Fifth suspect charged in Belgium over Paris attacks
Belgian authorities have charged a fifth suspect with terror offences relating to the Paris attacks.
The federal prosecutor's office also issued an international warrant for Mohamed Abrini, who is being tracked by both Belgian and French police.
Authorities are looking for Abrini because he was seen with fugitive Salah Abdeslam at a petrol station in Ressons, on the highway to Paris, two days before the attacks.
They said that Abrini was driving the Renault Clio used in the attacks in Paris on November 13 that killed 130 people and wounded hundreds of others.
Four other people have been handed terrorism charges in Belgium since the Paris attacks, which have been traced to a network of people with ties to both France and Belgium.
French interior minister Bernard Cazeneuve told MPs on Tuesday that 124 people had been charged in France since a state of emergency was imposed, following more than 1,230 searches in which 230 weapons were recovered.
However, he did not specify what the charges were or if they were linked to the attacks.
French police also continued to questioned a suspect linked to the terrorists.
Jawad Bendaoud, the only person in France known to be facing potential terrorism charges directly linked to the attacks, was handed over to an anti-terrorism judge in Paris on Tuesday morning.
Bendaoud was detained last week for providing lodging to Abdelhamid Abaaoud, the suspected mastermind of the attacks, in an apartment in the Paris suburb of Saint-Denis.
Three people were killed when police raided the apartment on November 18, including Abaaoud and a female cousin.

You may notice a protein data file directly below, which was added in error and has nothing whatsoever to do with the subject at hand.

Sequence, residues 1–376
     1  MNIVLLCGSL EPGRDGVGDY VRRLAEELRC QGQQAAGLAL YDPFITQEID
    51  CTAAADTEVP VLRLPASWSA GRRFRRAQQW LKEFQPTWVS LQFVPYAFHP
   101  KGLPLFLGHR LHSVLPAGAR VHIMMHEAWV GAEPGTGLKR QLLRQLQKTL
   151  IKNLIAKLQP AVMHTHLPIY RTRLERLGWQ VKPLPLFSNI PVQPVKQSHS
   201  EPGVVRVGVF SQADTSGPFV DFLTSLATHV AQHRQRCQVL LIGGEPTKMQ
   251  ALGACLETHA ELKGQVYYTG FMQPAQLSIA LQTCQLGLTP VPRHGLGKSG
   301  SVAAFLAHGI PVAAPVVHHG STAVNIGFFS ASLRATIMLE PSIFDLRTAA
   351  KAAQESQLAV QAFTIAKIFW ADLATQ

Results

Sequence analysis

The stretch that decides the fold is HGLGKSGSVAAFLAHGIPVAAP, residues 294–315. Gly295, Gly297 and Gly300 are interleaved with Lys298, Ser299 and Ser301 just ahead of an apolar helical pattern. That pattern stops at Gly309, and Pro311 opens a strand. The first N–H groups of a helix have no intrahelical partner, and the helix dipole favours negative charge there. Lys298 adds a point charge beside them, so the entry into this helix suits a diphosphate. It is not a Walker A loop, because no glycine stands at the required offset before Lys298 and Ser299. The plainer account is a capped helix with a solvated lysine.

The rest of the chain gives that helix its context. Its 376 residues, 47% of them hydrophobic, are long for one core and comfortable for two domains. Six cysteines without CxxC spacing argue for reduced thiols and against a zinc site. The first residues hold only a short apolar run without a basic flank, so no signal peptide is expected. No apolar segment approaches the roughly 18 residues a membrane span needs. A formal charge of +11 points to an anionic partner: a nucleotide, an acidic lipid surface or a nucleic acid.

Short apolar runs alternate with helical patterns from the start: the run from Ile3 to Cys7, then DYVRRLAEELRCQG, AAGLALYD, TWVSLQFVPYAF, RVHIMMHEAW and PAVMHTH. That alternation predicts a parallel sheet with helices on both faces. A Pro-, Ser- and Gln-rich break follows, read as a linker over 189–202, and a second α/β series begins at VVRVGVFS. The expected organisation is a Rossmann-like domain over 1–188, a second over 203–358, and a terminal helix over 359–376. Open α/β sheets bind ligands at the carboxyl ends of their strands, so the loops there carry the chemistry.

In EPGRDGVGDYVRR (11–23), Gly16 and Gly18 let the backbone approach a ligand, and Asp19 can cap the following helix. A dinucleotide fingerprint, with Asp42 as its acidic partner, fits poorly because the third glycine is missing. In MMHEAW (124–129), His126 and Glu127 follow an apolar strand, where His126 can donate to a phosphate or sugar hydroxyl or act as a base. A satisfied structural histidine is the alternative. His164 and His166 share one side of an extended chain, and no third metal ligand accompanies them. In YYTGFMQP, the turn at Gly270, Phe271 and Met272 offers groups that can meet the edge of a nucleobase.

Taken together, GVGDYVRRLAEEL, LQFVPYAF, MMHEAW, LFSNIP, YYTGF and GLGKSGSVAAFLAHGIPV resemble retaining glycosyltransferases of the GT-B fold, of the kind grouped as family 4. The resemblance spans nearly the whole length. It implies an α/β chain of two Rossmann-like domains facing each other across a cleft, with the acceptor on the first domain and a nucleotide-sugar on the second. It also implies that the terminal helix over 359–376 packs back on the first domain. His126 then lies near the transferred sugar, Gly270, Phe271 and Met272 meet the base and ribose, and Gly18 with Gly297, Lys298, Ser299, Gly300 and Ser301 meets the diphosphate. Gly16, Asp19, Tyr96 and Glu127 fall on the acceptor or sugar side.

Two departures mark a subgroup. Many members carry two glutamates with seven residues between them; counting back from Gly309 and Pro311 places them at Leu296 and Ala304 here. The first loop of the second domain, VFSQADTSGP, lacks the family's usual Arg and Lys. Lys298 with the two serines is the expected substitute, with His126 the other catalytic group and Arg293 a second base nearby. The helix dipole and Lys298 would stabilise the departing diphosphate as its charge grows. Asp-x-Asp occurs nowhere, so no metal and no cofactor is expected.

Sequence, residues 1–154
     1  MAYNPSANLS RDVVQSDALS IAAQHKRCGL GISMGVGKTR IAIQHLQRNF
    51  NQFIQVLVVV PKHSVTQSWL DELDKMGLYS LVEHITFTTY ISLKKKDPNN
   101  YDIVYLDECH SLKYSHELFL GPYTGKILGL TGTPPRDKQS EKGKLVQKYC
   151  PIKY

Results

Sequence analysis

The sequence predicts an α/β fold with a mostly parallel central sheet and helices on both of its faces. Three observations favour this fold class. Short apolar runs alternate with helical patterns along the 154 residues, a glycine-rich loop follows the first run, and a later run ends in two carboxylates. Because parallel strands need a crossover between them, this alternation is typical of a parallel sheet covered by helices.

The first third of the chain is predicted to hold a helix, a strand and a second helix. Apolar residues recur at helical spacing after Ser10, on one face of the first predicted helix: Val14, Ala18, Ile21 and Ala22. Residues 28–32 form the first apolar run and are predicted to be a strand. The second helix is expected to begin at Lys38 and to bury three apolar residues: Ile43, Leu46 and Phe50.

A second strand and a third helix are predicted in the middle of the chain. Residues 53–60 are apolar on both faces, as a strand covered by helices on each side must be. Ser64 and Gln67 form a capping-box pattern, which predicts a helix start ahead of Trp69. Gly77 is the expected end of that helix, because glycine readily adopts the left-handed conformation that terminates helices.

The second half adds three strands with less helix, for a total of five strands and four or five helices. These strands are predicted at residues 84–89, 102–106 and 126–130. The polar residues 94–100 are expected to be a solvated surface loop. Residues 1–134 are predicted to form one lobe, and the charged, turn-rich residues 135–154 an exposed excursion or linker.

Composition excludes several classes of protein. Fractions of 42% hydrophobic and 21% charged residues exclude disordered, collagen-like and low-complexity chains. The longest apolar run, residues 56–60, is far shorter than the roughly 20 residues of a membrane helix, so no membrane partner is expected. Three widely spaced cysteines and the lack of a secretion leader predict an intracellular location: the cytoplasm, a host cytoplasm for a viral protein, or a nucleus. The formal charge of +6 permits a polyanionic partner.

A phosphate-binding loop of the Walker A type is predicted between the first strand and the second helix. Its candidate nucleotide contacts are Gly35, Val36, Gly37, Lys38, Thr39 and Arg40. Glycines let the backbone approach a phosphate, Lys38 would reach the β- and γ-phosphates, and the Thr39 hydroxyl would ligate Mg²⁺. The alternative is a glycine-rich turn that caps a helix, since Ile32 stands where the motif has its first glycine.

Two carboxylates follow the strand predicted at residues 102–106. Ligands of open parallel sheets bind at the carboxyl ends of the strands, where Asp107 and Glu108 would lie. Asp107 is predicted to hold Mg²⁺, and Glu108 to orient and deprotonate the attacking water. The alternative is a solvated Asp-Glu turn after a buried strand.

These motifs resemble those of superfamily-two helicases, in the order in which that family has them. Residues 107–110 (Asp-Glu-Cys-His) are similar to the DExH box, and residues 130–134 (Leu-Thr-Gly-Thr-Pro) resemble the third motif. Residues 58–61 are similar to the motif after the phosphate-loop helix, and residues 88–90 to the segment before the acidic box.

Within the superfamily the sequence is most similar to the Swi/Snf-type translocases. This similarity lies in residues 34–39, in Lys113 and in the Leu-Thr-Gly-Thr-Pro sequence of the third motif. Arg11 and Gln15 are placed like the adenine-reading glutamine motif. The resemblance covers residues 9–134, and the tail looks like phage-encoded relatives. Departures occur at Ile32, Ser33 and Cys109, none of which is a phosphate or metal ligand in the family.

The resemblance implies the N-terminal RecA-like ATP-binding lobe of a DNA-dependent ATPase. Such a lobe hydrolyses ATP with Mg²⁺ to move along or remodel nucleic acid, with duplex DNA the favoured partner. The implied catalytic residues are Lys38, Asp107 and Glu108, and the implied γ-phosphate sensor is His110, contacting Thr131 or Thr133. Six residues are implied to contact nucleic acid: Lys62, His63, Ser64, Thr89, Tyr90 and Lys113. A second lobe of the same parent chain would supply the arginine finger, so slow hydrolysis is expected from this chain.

Bendaoud acknowledged in a television interview giving shelter to two people from Belgium, but said he did not know who they were or what they planned.
The 29-year-old told BFM television: "I didn't know they were terrorists. I was asked to do a favour. I did a favour, sir."
He must be either charged or released on Tuesday.
Meanwhile, Brussels remained at its highest alert level after Belgian prime minister Charles Michel cited a "serious and imminent threat" to the city, which houses the headquarters of the European Union and Nato.
Belgium's crisis centre said the alert level would only change if a significant breakthrough warranted it.
Increased security measures in the wake of the massacre in Paris have virtually shut down the Belgian capital, with the subway system, many shops and schools remaining shut. Mr Michel said that despite the continued high alert, schools would reopen on Wednesday.
Businesses in Brussels were starting to feel the pain, and while few question the government's need to protect the public from a potential attack, some shop owners said the shutdown was too extreme.
"It's not a very good decision," said Esther Willems, assistant manager at the Galler chocolate shop in the heart of Brussels' city centre.
She added that "in the last two days, we have only had about 10 to 11 clients" compared with about 100 normally. Ms Willems said she hoped things would improve on Wednesday.